7 Things You Need To Know Before Going To The Airport If You Want To Avoid Long Lines & Delays

Canadian airports are experiencing significant wait times right now. ✈️

Trending Editor
The sun sets through a window in the waiting area at Winnipeg Airport. Right: An empty baggage claim carousel at the airport.

The sun sets through a window in the waiting area at Winnipeg Airport. Right: An empty baggage claim carousel at the airport.

If you're catching a flight from one of Canada's airports in the near future, there are a few things you need to know before you get going.

Thanks to staffing shortages and increasd post-pandemic demand for travel, many of the country's major airports are experiencing lengthy delays, particularly at check-in desks and security checkpoints.

Canada's Transport Minister suggested this week that unprepared travellers have been — in part — to blame for the hold-ups.

He said several years of staying at home due to the pandemic has caused passengers to forget processes at the airport, particularly at security checkpoints.

Both airlines and airports are encouraging travellers to arrive hours ahead of their scheduled departure in order to avoid rushing through the airport and potentially missing their flight.

Major hubs like Toronto Pearson and Vancouver International Airport have also been warning visitors that "your airport experience will be different than previous trips," so it's important to be prepared and know what to expect before you get going.

Check wait times in advance

The Canadian Air Transport Security Authority (CATSA) has a useful online tool that allows passengers to check the security screening wait times at airports all over the country.

Using this can help you to get an indication of how busy an airport is at any given time. It can also help you work out how much time you should allow to get through security checkpoints at your departure location.

It's worth keeping in mind that the information listed does not include the time required to check-in and drop off and process baggage, so don't forget to add that on!

Arrive early

Due to long lines and delays, both airlines and airports have been urging travellers to arrive much earlier than they would have previously.

For international travel (including trips to the United States), you should plan to be at the airport at least three hours prior to your scheduled departure time.

Those flying domestically should arrive a minimum of two hours in advance, to avoid being caught out by unexpected queues or hold-ups.

After all, it's much better to be waiting around for the plane than to have the plane waiting around for you!

Check your documents

If you haven't travelled for a while because of the pandemic, it's easy to have forgotten exactly what you'll need when travelling through the airport.

CATSA says you should keep your passport or photo ID and boarding pass on hand, so they're ready for security personnel to check them should they need to.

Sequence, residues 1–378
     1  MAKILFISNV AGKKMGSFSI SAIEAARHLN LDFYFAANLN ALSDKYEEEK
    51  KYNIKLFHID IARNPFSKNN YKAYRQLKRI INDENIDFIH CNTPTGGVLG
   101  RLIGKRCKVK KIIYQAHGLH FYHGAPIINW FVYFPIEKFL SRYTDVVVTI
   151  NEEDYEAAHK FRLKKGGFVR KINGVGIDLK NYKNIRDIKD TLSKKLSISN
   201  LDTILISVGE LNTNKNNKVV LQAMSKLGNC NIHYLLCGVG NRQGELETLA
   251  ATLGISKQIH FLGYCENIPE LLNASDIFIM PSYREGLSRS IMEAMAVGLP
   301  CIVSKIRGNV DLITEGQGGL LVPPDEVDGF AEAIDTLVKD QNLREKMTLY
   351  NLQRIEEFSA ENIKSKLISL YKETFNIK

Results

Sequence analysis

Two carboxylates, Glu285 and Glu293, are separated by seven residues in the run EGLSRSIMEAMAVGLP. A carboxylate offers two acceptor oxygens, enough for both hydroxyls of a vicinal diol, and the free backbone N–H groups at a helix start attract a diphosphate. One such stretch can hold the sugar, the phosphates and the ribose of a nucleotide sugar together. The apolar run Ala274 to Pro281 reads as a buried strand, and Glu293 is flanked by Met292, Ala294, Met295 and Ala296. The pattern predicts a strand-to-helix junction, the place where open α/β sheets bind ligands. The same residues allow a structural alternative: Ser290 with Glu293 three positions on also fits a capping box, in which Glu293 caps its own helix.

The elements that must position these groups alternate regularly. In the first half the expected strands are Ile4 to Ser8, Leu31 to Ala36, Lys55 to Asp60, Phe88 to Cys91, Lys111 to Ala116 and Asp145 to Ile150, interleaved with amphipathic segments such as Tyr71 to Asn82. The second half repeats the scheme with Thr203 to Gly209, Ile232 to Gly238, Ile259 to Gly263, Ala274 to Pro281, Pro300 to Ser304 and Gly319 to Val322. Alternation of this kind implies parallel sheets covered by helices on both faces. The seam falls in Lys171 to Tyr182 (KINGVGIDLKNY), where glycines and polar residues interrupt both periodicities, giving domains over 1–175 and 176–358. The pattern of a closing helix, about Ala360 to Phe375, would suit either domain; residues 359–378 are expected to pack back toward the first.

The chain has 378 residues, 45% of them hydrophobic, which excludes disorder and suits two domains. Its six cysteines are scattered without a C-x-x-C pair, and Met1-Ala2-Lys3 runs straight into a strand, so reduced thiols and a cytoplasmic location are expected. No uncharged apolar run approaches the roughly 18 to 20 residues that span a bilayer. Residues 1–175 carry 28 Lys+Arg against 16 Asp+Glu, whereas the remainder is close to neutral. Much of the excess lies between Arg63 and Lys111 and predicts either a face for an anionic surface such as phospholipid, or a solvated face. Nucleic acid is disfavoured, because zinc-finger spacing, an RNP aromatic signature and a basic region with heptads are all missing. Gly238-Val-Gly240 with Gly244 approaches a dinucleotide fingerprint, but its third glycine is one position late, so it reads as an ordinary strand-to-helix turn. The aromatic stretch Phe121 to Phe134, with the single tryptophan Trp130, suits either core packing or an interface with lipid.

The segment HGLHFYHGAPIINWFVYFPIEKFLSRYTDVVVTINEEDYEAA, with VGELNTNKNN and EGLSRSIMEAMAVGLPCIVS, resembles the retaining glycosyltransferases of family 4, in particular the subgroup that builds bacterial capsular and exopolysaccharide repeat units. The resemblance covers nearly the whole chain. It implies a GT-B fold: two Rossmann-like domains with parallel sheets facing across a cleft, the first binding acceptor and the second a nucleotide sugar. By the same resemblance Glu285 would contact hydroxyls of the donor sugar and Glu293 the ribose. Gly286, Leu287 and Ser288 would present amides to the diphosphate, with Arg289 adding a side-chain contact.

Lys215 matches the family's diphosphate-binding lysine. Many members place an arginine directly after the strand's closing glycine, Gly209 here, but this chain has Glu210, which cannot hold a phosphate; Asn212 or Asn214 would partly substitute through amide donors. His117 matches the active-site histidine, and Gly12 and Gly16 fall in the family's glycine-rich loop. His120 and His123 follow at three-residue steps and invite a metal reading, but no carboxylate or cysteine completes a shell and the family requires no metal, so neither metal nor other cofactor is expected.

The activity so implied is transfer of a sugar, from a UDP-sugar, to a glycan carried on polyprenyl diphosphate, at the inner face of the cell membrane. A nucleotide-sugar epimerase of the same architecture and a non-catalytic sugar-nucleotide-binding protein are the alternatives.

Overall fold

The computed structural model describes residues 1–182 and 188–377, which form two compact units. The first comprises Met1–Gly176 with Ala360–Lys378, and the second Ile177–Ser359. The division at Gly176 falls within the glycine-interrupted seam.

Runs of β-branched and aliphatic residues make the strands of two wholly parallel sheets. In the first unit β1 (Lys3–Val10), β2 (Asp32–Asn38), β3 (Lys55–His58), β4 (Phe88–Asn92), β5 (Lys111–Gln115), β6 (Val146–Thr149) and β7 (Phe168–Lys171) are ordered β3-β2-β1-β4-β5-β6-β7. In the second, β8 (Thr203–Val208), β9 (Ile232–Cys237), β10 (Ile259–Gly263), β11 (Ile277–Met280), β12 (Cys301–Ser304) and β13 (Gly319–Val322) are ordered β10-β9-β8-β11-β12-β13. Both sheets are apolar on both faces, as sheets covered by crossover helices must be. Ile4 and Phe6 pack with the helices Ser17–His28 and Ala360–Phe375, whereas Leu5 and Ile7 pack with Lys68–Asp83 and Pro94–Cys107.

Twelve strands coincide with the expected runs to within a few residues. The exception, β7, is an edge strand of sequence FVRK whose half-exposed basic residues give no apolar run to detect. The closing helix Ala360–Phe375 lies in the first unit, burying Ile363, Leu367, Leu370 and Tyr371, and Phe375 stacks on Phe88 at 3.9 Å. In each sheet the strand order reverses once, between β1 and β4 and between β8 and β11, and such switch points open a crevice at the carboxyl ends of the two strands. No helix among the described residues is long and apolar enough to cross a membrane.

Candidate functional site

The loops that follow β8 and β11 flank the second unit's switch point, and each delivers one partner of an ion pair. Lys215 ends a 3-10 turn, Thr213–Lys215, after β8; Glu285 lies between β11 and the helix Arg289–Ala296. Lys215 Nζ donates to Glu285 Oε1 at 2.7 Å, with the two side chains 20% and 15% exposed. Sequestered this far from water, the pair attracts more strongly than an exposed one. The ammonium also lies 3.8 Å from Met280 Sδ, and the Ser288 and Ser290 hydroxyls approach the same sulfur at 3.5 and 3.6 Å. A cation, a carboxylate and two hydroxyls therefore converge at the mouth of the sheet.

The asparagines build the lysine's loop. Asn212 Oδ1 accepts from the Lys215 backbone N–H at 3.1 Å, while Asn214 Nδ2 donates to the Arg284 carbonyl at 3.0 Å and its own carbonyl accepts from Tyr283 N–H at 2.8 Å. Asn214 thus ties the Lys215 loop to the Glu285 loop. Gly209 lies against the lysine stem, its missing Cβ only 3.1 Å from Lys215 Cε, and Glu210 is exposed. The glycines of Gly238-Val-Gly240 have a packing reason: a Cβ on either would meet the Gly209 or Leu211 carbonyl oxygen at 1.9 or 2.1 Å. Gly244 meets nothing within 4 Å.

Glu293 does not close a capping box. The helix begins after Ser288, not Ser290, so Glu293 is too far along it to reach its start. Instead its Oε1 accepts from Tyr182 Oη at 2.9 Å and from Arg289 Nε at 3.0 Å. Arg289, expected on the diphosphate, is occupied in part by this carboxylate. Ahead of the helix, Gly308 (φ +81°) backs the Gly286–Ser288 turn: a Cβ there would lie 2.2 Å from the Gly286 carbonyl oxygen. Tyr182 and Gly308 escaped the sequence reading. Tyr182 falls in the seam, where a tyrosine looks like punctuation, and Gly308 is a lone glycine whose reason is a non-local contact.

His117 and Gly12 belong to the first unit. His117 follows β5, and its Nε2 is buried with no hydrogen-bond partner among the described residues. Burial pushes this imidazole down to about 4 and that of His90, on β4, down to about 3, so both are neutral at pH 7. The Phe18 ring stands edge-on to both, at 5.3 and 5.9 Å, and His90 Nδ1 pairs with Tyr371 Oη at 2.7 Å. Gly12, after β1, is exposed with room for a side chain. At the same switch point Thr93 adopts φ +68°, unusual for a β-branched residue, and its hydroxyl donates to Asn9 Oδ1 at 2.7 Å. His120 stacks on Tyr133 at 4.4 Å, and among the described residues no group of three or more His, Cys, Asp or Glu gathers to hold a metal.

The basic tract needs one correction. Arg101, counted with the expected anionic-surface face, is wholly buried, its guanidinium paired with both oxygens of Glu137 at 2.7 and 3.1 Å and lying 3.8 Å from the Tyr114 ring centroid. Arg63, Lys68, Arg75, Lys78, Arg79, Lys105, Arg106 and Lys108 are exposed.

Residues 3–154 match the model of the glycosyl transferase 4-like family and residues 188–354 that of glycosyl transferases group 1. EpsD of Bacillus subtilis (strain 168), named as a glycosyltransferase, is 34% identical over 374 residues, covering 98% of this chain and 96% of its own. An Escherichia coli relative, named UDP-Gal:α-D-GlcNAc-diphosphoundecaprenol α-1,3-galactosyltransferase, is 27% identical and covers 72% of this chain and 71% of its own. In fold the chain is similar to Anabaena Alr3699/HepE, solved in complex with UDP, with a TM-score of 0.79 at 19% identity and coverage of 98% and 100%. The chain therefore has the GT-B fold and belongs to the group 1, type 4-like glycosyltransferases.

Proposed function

You should also consider what COVID-19 documentation you may need to show, including your proof of vaccination and proof of a negative COVID-19 test (if one is required at your destination).

Understand baggage rules

If you're taking a checked bag and a carry-on item, it's important to make sure you put the right stuff in each of those to ensure you don't get waylaid at security checkpoints.

CATSA says you should check and double-check your carry-on baggage before you leave your home, to ensure you haven't packed anything "that may seem harmless but can pose a threat to security – such as liquids."

If you're not 100% sure if you can take it with you on the plane, contact the airline you're flying with or throw it in your checked baggage to be on the safe side.

Be ready at security checkpoints

If you want to breeze through security, remind yourself ahead of time what should and shouldn't be placed in the screening bins.

CATSA says cell phones should be put in your carry-on bag (if it isn't being used as your boarding pass), while laptops should be taken out of any cases, bags or sleeves and placed width-wise in the plastic security bin.

Any outerwear, including bulky clothing items and winter coats, should be taken off and placed in the bin, too.

All liquids, gels and aerosols that are in your carry-on baggage must be in containers of 100ml or less and placed in a clear, 1L resealable bag. If they're not, you could have them taken away from you.

Expect to follow COVID-19 policies

Due to the COVID-19 pandemic and associated policies related to cleaning, social distancing and more, you may find that there are less desks, checkpoints and washrooms open.

Most airports will have hand sanitizer stations located at busy sections, as well as plexiglass barriers where appropriate.

Face masks are still required by the federal government at Canadian airports all over the country, as well as on flights, so don't forget to pack an appropriate face covering!

Be prepared to wait

Regardless of how prepared you are, you should still expect to wait around a little bit if you're heading to an airport in the near future.

Many Canadian airports continue to deal with staff shortages and a surge in demand for post-pandemic travel, so longer lines are still likely. This is especially the case at busy locations like Toronto Pearson or Vancouver International.

Good luck, Canada!

This article's cover image was used for illustrative purposes only.

Helena Hanson
Trending Editor
Helena Hanson is a Senior Editor for Narcity Canada's Trending Desk focused on major news. She previously lived in Ottawa, but is now based in the U.K.
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